Time to put the examples into image form:
1. Alone: A person under a spotlight within a black, empty room. Mirrors appear around them randomly, shifting in and out of reality. These mirrors are their own creation and don't truly exist. They are a slave to themselves. Though real in a sense of singularity, they are not truly living. Not truly alive. Not truly real.
2. With Friends: A person shaped like a jigsaw piece, fitting in with other pieces. The other pieces may fit perfectly but none of them are from the same puzzle, the picture they create is not the true picture. The person feels comfortable and feels happiest because they are now surrounded by pieces that connect to them almost perfectly (or perfectly). But they are just a piece. Unless the pieces create the true picture, being a piece in an incomplete or distorted picture is nothing more than being a false self.
3. With Strangers: A person as a dancer facing a faceless dancer. Each one is trying to figure out the other person's dance and who's truly leading. In the end they want to coordinate perfectly or to disperse and find another dance partner. For a while the person is real as they try their own dance moves to initiate the dance or if they misunderstand the other dancer's moves due to lack of knowledge of those dance moves. But after a few steps that dance either becomes a beautiful coordination that makes the person nothing more than a cog to a machine, or disperses - leaving the person confused as to what happened.
4. Broken: A person shattered into glass pieces onto a floor. That is no person. That is not real. It's broken.
5. Comfortable: A person shaped like a ball that fits perfectly in a dip on the ground. However there's more to the ball than just it sitting idly. The ball could be confused as a design on the floor. But no, this ball bounces or slides. But no one knows that, with how it is in this state, it could just be a statue. This isn't the real self if it can be misidentified this easily.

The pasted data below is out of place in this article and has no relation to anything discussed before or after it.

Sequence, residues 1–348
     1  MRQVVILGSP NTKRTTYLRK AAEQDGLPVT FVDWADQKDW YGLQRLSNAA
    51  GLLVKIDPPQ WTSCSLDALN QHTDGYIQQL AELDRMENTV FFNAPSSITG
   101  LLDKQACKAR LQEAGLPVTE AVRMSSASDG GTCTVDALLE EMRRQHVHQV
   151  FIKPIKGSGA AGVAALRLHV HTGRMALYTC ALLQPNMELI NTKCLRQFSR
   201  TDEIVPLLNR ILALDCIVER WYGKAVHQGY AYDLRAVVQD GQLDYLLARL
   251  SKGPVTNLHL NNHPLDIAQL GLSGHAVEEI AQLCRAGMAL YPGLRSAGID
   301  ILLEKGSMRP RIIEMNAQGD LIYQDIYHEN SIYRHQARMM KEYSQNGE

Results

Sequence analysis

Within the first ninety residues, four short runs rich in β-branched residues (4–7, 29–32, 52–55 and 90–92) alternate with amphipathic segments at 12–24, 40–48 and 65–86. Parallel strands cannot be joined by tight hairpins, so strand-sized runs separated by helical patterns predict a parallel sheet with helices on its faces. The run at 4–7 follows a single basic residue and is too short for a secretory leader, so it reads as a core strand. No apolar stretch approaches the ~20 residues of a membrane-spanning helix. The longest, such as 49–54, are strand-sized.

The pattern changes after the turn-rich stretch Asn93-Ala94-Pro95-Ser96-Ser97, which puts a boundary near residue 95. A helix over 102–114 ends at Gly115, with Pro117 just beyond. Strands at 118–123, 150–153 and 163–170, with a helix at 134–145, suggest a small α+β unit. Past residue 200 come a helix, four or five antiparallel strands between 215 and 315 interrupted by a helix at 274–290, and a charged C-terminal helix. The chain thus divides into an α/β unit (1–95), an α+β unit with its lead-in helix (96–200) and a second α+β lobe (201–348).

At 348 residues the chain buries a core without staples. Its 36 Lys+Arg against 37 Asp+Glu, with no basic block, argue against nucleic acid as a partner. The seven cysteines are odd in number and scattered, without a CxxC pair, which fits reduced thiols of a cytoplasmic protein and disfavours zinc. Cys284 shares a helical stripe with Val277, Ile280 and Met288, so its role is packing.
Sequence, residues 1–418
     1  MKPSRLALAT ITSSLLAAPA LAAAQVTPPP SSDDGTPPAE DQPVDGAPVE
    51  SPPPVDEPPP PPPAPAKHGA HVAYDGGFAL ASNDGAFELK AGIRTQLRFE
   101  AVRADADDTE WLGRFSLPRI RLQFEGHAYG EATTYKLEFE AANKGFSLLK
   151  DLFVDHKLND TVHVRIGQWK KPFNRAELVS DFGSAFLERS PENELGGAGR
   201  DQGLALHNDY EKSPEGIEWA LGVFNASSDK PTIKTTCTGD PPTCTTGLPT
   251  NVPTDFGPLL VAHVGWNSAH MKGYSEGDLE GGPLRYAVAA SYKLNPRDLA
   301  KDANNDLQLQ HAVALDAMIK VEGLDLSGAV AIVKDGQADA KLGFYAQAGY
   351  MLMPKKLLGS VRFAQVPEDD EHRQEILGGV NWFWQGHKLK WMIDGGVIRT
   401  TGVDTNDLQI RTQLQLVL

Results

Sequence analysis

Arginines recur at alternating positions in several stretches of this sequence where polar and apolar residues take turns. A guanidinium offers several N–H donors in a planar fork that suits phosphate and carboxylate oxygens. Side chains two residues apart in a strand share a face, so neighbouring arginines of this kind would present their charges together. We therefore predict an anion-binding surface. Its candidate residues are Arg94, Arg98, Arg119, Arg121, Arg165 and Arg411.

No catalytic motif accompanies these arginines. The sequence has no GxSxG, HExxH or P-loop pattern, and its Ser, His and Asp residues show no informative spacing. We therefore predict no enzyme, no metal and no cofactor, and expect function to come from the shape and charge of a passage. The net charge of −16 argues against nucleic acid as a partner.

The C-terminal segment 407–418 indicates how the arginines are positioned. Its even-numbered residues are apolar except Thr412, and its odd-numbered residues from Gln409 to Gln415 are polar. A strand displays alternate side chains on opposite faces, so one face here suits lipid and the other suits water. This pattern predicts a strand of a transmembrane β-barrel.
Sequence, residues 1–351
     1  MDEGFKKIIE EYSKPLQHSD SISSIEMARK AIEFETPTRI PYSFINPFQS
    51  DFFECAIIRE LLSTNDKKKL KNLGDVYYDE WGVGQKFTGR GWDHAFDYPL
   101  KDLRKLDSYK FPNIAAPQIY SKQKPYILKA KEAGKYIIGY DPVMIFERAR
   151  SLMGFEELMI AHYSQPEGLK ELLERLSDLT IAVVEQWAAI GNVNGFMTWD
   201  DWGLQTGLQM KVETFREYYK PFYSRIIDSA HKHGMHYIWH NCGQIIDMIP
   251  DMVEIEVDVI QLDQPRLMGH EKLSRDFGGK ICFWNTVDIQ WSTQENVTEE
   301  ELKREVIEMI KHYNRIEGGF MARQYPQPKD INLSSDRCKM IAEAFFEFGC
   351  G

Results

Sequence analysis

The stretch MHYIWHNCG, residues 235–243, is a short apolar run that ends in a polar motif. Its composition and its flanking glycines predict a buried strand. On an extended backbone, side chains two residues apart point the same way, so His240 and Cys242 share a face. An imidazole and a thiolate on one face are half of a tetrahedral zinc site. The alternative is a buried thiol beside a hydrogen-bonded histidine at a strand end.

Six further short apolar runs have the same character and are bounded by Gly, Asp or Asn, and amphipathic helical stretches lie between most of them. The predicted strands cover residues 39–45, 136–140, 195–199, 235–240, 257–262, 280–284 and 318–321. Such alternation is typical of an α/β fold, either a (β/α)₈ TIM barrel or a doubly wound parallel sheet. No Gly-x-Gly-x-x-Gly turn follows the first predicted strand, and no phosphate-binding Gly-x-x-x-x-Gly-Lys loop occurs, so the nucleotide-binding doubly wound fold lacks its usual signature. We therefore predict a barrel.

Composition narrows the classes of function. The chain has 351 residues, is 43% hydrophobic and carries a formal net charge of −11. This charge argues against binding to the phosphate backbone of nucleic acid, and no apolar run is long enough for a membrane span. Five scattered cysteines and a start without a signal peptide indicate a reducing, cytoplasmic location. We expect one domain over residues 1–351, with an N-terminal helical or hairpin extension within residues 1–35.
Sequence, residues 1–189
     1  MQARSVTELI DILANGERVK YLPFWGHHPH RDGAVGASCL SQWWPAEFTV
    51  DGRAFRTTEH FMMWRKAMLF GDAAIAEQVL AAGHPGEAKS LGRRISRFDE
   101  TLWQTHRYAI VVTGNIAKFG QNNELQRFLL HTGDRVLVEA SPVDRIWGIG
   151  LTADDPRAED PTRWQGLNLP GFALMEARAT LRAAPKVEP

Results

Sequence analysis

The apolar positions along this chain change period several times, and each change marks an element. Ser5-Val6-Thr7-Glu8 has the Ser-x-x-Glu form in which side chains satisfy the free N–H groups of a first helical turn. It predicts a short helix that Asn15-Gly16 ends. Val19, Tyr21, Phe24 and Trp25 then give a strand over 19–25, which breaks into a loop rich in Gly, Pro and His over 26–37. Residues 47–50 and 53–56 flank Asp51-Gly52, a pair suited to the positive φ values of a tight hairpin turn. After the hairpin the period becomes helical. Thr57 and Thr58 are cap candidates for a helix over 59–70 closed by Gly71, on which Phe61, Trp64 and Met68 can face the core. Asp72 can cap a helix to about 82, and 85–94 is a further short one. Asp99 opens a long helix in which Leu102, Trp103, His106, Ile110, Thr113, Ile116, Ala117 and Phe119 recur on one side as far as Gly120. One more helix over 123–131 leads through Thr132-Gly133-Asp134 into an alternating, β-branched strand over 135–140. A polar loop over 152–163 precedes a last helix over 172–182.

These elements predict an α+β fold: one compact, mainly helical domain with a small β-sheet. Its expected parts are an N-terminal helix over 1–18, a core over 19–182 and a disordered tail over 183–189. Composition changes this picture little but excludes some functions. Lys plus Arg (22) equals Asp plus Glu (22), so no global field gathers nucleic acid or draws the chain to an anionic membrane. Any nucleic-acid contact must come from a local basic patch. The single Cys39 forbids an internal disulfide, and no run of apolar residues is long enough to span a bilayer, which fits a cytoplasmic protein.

6. Triumph: A person standing at the top of a pyramid. Others can see that this certain pyramid was the field, and that the top was the goal. But most cannot see the person at the top of it. And when they do see this person, the person isn't so easy to see with the sunlight covering their face. Realism is lost at the moment.
7. Epiphany: A person shaped as a lightbulb. The lightbulb is turned on. What people see and what the person points to: Is the light. The odd thing is, this lightbulb wasn't really meant to be a lightbulb, nor did it intend to be. But because it was screwed onto a certain spot due to a series of events, electricity ran through it and used its conveniently placed wires to create a light-up effect. Due to the obvious surprise the lightbulb-shaped person is giving, it's obvious to others that it wasn't always a lightbulb. But that doesn't matter to the person now, what matters is the light. Not real.
So what makes a person real?
For my standards:
- They have to be aware of themselves
- Others have to be able to discern what makes them "real"
- Their experiences and instincts are not their main focus
- They shouldn't be able to change from this "mode" easily
The best way I describe this is: "AWAKE".
Now you may wonder why I never put "family" in those choices wayy up there... there's a reason for that.
Reason #1: Everyone's families and reactions to families are different, but how one reacts to friends and strangers are the same in structure.
Reason #2: Everyone is real in a family IN THE BEGINNING. But due to a departure from them (interactions with anything in any form creates a departure), one becomes less real with their family despite always feeling comfortable and open around them.
What I wonder is... when real are am.
When is one real? My phrase of "when real are am" feels much more true to my question... saying "When is one real" feels like I peeled a banana and called its parts a banana.
When real are am?